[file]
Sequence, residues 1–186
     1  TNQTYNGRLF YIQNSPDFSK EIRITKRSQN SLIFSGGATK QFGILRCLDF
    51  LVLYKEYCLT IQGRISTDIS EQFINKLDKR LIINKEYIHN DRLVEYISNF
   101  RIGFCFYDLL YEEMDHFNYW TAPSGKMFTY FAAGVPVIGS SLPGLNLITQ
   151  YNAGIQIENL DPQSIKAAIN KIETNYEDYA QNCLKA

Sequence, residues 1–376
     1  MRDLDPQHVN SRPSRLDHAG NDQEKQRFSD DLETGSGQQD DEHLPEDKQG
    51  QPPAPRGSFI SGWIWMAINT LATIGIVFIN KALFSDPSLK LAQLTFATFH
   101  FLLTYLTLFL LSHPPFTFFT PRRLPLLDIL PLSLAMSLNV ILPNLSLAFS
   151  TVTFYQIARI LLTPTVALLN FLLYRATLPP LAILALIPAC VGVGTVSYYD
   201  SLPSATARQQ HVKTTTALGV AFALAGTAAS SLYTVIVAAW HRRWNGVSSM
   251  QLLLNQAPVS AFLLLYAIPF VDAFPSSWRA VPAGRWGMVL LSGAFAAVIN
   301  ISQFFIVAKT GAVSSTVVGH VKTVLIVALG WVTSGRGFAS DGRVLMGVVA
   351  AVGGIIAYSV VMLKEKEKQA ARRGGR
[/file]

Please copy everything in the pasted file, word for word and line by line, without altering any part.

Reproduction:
Sequence, residues 1–186
     1  TNQTYNGRLF YIQNSPDFSK EIRITKRSQN SLIFSGGATK QFGILRCLDF
    51  LVLYKEYCLT IQGRISTDIS EQFINKLDKR LIINKEYIHN DRLVEYISNF
   101  RIGFCFYDLL YEEMDHFNYW TAPSGKMFTY FAAGVPVIGS SLPGLNLITQ
   151  YNAGIQIENL DPQSIKAAIN KIETNYEDYA QNCLKA

Sequence, residues 1–376
     1  MRDLDPQHVN SRPSRLDHAG NDQEKQRFSD DLETGSGQQD DEHLPEDKQG
    51  QPPAPRGSFI SGWIWMAINT LATIGIVFIN KALFSDPSLK LAQLTFATFH
   101  FLLTYLTLFL LSHPPFTFFT PRRLPLLDIL PLSLAMSLNV ILPNLSLAFS
   151  TVTFYQIARI LLTPTVALLN FLLYRATLPP LAILALIPAC VGVGTVSYYD
   201  SLPSATARQQ HVKTTTALGV AFALAGTAAS SLYTVIVAAW HRRWNGVSSM
   251  QLLLNQAPVS AFLLLYAIPF VDAFPSSWRA VPAGRWGMVL LSGAFAAVIN
   301  ISQFFIVAKT GAVSSTVVGH VKTVLIVALG WVTSGRGFAS DGRVLMGVVA
   351  AVGGIIAYSV VMLKEKEKQA ARRGGR